6. Repeat step 3 to step 5 for all your deployment in the Kubernetes cluster.
7. Delete the Kubernetes cluster when all the tests are successful and send 100% of the traffic towards ECS to get rid of Kubernetes resources.
To deploy microservices on Docker Swarm is very easy; it only requires a few steps. Let’s explore these steps.
1.Create and initialize the Docker Swarm cluster
As a prerequisite, you need to have access to servers with Docker installed on them. You can then ssh into the machine where you want to run your manager node and initialize the Docker Swarm mode using the command-
docker swarm init –advertise-addr <MANAGER-IP>
You can then add a manager to this swarm using-
docker swarm join-token manager
and a worker using-
docker swarm join –token <token> <Manager-IP:2377>”
At this point, if you check
you will see Swarm: active
2. Create docker images using Dockerfiles
Use Dockerfiles to define steps to create Docker images containing your micro-service code in it.
You can then use “docker build” to build a docker image using the Dockerfile you have.
“docker build -t <image-name> .”
3. Build and Run your docker image
Once you have your Docker image built successfully, you can test it using the “docker run” command
docker run –name <container-name> -p <host-port>:<container-port> -d <docker-image-name>”
4. Publish your docker image to the Docker hub repository
Docker Hub is the largest library and community for container images in the world. You can store your images here so that you can use them from any location globally.
5. Create docker services in our docker swarm cluster
At this point, you are ready to deploy services to the Swarm. It is as simple as executing a single command to create one service.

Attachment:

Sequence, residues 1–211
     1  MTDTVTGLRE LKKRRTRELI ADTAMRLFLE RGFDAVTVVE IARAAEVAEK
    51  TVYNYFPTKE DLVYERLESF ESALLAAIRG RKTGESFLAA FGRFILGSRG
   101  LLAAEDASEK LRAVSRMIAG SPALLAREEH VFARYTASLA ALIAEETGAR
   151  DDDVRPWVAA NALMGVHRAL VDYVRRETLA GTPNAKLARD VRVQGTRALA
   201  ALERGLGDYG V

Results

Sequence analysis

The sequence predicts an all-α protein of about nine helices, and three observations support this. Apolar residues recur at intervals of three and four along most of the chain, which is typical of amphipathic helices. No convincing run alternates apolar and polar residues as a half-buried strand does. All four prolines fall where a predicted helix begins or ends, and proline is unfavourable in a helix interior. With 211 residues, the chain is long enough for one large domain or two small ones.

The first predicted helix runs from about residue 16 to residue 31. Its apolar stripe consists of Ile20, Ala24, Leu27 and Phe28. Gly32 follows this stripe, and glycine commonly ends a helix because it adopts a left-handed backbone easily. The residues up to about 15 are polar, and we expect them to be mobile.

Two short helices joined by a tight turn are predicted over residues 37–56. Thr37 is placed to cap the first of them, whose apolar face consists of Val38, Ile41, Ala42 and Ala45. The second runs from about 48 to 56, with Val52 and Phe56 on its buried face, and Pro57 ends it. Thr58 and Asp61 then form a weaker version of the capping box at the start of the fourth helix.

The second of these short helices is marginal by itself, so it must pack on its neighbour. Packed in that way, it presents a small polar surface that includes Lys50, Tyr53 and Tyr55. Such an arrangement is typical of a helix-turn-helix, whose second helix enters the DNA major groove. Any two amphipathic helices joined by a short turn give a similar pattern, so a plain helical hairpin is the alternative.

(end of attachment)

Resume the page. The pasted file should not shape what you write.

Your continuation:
docker service create –replicas 1 –name my-service <my-image> <my-command> <my-argument>
docker service create command creates the service
–name flag names the service my-service
–replicas flag specifies the desired state of 1 running instance.
<my-image> <my-command> <my-argument> define the service as <my-image> container that executes the command <my-command> <my-argument>
It is always a good idea to step back and think twice before you follow the crowd. Always ensure that you take into consideration the costs associated with the Orchestrator you choose. Also, decide if you want support from the experts or community. Ultimately, choosing a single platform from different Kubernetes alternatives should be based on your priorities.
If you want to keep it simple and want integration to access control mechanisms, support from experts, and prefer the Cloud over private servers, ECS can be the choice. ECS is one of the greatest Kubernetes competitors. It will allow you to take advantage of AWS IAM, Cloudwatch integrations. ECS can also be an ideal choice if you are looking for an easy solution and are new to containers.
If you love CLI and want to keep your selection straight, go with Docker Swarm. RedHat OpenShift can be your choice if Kubernetes should be your platform of choice. But if you are looking for a lightweight tool with simplicity at its core, focused on only cluster management, and scheduling then Nomad is for you as one of the alternatives to Kubernetes.
Also published on: https://www.clickittech.com/devops/kubernetes-alternatives/